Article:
Rapid Elasticity – Elasticity is defined as the ability to scale resources both up and down as needed. To the consumer, the cloud appears to be infinite, and the consumer can purchase as much or as little computing power as they need. Defined by the National Institute of Standards and Technology (NIST) as one of the five essential characteristics of cloud computing.

Self-Service Provisioning – Cloud customers can provision cloud services without going through a lengthy process. You request an amount of computing, storage, software, process, or more from the service provider. After you use these resources, they can be automatically deprovisioned.

SaaS or Software as a Service – Cloud application services, whereby applications are delivered over the Internet by the provider, so that the applications don’t have to be purchased, installed, and run on the customer’s computers. SaaS providers were previously referred to as ASP (application service providers). In the SaaS layer, the service provider hosts the software so you don’t need to install it, manage it, or buy hardware for it. All you have to do is connect and use it. SaaS Examples include customer relationship management as a service.
TCO or Total Cost of Ownership – TCO is an estimate of the total cost of a solution over time, usually a few years. It should include all costs, direct and indirect, associated with the solution. It helps determine the financial value of a change in operations. Because the cloud is a pay-as-you-go model, much of your financial future is predicted for you with a cloud-based solution. This means your method of comparing future costs has to reflect the factors the monthly cost of your cloud computing solution inherently provides, like RAM, Disk, licensing, support by qualified personnel, redundancy, scale for future needs, and disaster recovery to name a few. A lot of these factors are surprises that await you when buying, managing, and administering IT on your own with a premise-based solution.
Unified Messaging – Unified Messaging is the integration of different electronic messaging and communications media (e-mail, SMS, Fax, voicemail, video messaging, etc.) technologies into a single interface, accessible from a variety of different devices. While traditional communications systems delivered messages into several different types of stores such as voicemail systems, e-mail servers, and stand-alone fax machines, with Unified Messaging all types of messages are stored in one system. Voicemail messages, for example, can be delivered directly into the user’s inbox and played either through a headset or the computer’s speaker. This simplifies the user’s experience (only one place to check for messages) and can offer new options for workflow such as appending notes or documents to forwarded voicemails.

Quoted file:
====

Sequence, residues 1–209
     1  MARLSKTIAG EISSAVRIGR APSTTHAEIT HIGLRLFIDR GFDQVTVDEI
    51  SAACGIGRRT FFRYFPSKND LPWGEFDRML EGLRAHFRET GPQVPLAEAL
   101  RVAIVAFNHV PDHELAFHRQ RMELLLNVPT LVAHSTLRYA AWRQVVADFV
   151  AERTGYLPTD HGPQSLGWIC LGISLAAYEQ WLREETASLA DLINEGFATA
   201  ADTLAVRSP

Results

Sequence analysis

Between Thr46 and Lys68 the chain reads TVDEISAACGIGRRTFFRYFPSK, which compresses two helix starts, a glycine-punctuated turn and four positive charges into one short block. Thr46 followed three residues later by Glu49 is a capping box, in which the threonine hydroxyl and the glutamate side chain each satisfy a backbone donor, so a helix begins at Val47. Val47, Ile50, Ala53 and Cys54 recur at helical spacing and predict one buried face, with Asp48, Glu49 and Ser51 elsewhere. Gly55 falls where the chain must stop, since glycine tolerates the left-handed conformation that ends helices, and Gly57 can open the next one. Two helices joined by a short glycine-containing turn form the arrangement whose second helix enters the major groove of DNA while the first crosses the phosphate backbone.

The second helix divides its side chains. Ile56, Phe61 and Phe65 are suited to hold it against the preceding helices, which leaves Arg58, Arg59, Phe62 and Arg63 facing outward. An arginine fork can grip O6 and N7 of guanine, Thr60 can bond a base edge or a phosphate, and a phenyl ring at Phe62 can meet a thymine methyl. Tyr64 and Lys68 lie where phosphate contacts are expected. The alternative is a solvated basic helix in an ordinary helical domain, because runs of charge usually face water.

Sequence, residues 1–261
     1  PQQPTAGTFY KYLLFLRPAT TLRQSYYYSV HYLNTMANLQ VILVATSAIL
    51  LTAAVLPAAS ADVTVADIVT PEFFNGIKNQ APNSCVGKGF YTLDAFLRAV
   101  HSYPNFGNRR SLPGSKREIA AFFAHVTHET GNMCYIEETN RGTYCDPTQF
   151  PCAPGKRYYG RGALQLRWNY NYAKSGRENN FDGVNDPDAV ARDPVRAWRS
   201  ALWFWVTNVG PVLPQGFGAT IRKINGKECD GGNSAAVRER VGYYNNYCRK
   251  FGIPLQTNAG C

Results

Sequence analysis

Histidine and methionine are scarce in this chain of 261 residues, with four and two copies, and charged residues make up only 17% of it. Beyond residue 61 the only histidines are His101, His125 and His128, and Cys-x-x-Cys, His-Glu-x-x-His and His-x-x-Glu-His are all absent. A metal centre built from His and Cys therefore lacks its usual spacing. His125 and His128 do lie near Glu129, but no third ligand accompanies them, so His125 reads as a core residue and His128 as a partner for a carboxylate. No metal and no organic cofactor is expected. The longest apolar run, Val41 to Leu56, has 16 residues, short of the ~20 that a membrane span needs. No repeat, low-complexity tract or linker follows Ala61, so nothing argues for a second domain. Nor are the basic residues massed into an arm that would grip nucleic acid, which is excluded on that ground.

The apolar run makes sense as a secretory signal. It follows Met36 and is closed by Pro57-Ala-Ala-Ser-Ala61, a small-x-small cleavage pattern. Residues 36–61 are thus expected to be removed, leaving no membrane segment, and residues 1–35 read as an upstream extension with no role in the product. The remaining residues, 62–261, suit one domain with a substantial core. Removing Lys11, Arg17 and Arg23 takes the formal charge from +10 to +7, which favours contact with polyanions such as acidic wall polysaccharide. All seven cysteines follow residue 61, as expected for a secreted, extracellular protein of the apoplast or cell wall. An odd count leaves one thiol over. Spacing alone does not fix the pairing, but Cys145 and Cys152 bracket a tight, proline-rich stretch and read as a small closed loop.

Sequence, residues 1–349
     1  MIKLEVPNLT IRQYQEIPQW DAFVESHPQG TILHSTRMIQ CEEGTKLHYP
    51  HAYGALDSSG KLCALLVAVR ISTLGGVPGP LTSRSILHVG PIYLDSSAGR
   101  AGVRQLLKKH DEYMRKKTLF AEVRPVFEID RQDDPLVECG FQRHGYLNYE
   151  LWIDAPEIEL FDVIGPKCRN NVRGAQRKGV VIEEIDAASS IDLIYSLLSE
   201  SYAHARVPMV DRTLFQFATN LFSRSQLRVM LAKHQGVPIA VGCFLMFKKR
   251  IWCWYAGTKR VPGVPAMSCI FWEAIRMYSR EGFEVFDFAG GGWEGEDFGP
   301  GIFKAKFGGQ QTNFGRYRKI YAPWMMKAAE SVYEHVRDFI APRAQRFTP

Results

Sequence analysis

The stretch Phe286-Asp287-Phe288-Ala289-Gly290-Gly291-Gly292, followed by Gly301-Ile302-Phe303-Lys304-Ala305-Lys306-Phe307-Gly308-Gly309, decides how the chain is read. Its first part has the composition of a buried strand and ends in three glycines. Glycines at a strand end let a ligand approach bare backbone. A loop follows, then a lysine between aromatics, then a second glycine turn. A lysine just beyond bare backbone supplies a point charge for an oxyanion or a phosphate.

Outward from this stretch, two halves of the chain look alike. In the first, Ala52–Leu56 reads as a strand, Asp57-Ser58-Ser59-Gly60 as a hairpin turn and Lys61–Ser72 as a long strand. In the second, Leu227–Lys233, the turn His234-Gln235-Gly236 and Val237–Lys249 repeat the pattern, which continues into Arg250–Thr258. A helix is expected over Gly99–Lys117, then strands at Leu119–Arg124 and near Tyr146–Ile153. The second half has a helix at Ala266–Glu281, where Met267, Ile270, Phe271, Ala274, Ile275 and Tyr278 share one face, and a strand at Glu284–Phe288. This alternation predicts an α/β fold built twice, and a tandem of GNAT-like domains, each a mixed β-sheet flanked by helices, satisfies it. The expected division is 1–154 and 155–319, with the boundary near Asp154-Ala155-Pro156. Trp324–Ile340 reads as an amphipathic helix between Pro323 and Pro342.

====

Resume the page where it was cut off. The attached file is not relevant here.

Unified Communications or UC – The integration of real-time communication services such as instant messaging (chat), presence information, telephony (including IP telephony), video conferencing, data sharing (including web connected electronic whiteboards aka IWB’s or Interactive White Boards), call control and speech recognition with non-real-time communication services such as unified messaging (integrated voicemail, e-mail, SMS and fax). UC is not necessarily a single product, but a set of products that provides a consistent unified user interface and user experience across multiple devices and media types.
Vertical Cloud – A cloud computing environment that is optimized for use in a particular industry, such as health care or financial services.

Vertical Cloud Computing – A vertical cloud, or vertical cloud computing, is the phrase used to describe the optimization of cloud computing and cloud services for a particular vertical (e.g., a specific industry) or specific use application.

VoIP or Voice over IP or Voice over Internet Protocol – The transmission of voice over the Internet as digital packets rather than the traditional circuit-committed protocols of the PSTN. VoIP uses real-time protocol (RTP) to help ensure that the packets get delivered in a timely way.